While it looked like the stock market was headed to close on Friday in the red, a late day rally once again put all the major market indices in the green. We point this out because it means the Dow Jones Industrial Average has now booked 11 consecutive days higher, closing at all-time highs in the process. This was the first time that has happened since January 1987.
Year to date, all of the major market indices are up from 5.5 percent to more than 8 percent and that has the S&P 500’s valuation clocking in at 18x 2017 earnings expectations, well above its historical averages and at the highest level since 2004.
As some have said, it looks like the market could be too far out over its ski tips, given that more signs point to the much hoped for pick up in the economy coming at the soonest in the back half of 2017. We’ve been fairly consistent in calling that timing and now we’re thinking the stock market is starting to recognize it as it stares at the disconnect between the market’s valuation and GDP expectations for the first half of 2017.
We’re mindful of the elevated market valuation, as well as the continued impact of the Trump Trade that has continued to boost optimism even though we’ve yet to get full details on a number of his initiatives. With earnings season winding down, we’ve got a crossroads of some improving economic data and other less robust data such as rising auto loan delinquencies, especially on subprime auto loans, rising gas prices that are likely to crimp consumer wallets, and the first baby boomers entering their 70s.
The question we keep pondering is what could the near-term catalyst be that would lead the market lower? Political? Economic? We’ll be sure to ponder this and more over as the current corporate earnings season begins to abate.
Is a March Rate Hike Still on the Table?
Those were some of the topics Tematica’s Chief Investment Officer Chris Versace and Lenore Hawkins, Tematica’s Chief Macro Economist, discussed on last week’s Cocktail Investing podcast. The duo also went on to discuss the renewed wave of M&A activity as well as shared their thought on the Fed’s upcoming FOCM meeting and whether we will see an interest rate hike. As part of that conversation, Versace and Hawkins touched on several pieces of upcoming data that could give the Fed room to boost interest rates, but also noted certain key pieces of upcoming Washington policy that could keep the Fed’s hand off the rate hike button.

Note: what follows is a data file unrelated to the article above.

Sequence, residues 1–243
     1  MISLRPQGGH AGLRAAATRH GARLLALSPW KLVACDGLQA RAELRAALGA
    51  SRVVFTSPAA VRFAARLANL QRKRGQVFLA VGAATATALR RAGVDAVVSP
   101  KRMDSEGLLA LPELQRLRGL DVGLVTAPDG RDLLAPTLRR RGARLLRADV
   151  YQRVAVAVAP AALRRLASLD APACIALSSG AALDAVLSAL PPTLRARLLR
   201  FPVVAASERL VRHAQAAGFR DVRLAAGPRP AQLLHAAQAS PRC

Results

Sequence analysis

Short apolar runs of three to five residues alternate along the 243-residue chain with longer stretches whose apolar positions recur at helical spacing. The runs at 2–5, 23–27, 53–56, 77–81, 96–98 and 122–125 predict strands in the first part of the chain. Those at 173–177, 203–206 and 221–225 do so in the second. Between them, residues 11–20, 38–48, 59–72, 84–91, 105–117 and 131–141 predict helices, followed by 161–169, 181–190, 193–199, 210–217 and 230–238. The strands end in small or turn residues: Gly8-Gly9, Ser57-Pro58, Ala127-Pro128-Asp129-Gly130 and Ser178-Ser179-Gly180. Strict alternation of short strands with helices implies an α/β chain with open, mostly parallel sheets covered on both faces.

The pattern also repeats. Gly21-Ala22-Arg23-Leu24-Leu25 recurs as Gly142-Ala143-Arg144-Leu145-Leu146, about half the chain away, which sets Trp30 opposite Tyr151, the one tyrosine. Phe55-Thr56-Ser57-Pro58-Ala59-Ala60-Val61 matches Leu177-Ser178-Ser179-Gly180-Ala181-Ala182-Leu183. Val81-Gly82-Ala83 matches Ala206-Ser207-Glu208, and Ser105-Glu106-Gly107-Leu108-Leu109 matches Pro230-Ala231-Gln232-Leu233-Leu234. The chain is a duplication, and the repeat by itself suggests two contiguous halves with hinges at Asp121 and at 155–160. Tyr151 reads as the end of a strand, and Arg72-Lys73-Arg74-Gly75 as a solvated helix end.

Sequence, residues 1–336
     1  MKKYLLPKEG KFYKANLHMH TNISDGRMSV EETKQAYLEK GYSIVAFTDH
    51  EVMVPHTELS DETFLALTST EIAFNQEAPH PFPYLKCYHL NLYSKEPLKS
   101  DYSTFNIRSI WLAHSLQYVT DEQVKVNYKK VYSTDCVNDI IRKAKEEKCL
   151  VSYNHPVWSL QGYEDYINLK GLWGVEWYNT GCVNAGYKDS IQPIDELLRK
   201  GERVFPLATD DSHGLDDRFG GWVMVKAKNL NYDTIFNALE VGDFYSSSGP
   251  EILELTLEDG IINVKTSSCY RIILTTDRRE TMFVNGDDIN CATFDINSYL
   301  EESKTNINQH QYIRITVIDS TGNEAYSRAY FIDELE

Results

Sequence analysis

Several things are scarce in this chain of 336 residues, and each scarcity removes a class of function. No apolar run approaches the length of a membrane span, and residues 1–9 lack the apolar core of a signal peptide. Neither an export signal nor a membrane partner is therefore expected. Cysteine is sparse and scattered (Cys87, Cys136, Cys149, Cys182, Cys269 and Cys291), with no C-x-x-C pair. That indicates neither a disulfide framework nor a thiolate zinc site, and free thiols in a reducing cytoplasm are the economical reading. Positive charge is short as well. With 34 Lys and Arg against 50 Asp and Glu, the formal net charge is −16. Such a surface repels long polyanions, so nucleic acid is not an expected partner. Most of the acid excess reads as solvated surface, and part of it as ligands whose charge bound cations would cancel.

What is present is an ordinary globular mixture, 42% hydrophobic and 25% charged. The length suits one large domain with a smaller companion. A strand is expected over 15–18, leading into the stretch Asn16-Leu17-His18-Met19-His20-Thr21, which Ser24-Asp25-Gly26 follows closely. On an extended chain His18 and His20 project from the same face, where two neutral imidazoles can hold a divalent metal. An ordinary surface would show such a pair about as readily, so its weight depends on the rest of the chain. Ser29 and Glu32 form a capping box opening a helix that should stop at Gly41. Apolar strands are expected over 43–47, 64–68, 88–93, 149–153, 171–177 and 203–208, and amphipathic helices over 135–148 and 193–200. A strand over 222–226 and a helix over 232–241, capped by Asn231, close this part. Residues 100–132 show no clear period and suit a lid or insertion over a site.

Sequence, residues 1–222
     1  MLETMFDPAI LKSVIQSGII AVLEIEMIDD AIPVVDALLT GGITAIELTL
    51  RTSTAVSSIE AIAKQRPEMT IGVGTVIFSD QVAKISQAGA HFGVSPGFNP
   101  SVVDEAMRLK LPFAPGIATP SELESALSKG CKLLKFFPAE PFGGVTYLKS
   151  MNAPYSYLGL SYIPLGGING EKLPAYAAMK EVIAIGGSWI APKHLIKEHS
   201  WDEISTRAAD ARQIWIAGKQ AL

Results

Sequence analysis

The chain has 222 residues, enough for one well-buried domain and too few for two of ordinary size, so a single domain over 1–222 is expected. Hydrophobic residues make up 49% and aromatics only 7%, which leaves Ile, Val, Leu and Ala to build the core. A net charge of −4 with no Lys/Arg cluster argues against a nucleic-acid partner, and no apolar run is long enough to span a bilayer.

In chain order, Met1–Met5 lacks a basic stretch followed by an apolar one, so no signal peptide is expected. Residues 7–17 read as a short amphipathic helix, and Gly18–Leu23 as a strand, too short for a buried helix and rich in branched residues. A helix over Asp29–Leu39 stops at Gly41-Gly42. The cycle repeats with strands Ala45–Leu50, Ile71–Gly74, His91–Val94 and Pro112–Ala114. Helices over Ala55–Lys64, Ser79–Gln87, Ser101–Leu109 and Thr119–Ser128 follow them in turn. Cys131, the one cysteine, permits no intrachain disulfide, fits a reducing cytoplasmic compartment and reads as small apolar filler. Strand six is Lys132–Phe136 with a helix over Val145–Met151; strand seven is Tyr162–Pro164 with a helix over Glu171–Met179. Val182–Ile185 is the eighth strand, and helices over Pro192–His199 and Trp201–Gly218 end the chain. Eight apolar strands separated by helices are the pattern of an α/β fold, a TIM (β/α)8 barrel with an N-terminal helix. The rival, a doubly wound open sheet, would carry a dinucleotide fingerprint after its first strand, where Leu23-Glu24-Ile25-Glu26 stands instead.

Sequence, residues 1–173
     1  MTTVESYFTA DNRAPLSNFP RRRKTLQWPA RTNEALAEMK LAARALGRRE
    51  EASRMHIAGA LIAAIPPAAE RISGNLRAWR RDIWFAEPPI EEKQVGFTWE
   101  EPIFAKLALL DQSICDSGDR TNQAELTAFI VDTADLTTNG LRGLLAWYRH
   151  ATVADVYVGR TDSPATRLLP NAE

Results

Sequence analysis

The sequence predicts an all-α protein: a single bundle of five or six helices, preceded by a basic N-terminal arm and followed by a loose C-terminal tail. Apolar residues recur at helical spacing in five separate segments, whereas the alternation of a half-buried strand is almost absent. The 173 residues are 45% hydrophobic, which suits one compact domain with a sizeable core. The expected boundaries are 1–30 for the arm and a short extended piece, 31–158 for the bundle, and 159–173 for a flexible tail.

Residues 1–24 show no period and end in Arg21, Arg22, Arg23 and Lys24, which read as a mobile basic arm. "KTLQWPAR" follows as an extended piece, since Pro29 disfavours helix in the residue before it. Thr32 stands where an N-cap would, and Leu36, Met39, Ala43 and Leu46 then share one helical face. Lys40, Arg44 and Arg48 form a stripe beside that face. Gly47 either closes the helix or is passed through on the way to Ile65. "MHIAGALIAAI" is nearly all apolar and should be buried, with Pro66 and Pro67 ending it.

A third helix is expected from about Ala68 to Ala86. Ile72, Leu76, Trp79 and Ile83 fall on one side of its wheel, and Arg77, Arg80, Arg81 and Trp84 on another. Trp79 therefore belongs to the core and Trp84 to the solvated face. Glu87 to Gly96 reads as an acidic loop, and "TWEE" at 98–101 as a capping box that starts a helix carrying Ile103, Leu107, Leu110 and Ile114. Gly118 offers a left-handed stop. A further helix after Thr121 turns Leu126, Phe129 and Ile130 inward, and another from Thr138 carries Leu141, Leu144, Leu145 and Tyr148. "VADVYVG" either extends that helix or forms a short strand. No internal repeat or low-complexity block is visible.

Coming into last week, expectations were rather low for March rate hike. Between last week’s capitol hill testimony by Fed Chairwoman Janet Yellen and this week’s latest iteration of the Fed FOMC minutes for its late January meeting and next week’s end of the month, start of the new month data deluge, we thought it best to rehash recent Fed-related events in chronological order to put some perspective on things.
The Fed’s last meeting was held in late January and as we said above, this week we received the minutes of that meeting. Coming out of that report much of the media hung their hats on the following statement:
“Many participants expressed the view that it might be appropriate to raise the federal funds rate again fairly soon if incoming information on the labor market and inflation was in line with or stronger than their current expectations.”
We found this one in the FOMC minutes far more telling:
“Participants discussed whether their current assessments of economic conditions and the medium-term outlook warranted altering their earlier views of the appropriate path for the target range for the federal funds rate. Participants generally characterized their economic forecasts and their judgments about monetary policy as little changed since the December meeting.”
Again, we’re looking at this in chronological order, which means we turn to Fed Chairwoman Yellen’s recent testimony. In that briefing, Yellen confirmed the notion the Fed would seek to boost rates up to three times in 2017 but also cautioned the Fed needs to see the economic stimulus and tax overhaul plans that are pending from President Trump to determine the potential impact on the economy and inflationary forces.
Last week, we received some favorable economic data in the February Flash PMIs published by Markit Economics, and a solid Existing Home Sales figure for January. Looking into the Existing Home sale report, while the figure was the strongest since February 2007, our key takeaway is that high prices and limited inventory continue to compress the affordability factor for potential buyers, thereby capping the market. Across the Flash PMIs, we saw solid economic growth, but we also saw rising input prices - something the Fed is bound to be watching.
Speaking of the timing of his tax plan late this week, President Trump stated, the tax reform plan was “well finalized”, but will only be released after a successful repeal of the Affordable Care Act. Then last Thursday Treasury Secretary Steven Mnuchin said he expects a plan to pass through Congress before the August recess.
To us, this means in all likelihood the Fed will not have time to digest and assess the plan ahead of the March meeting, which puts the next rate hike potentially in May. Our view on this was confirmed by the quick sell-off in the PowerShares DB US Dollar Index Bullish (UUP) soon after the Fed minutes were published.
Christopher (Chris) Versace is the Chief Investment Officer at Tematica Research, editor of the newsletter Tematica Investing, co-host of the Cocktail Investing Podcast and is a featured columnist to The Street.com as well as a contributor to Business Insider andForbes.com
© 2022 Newsmax Finance. All rights reserved.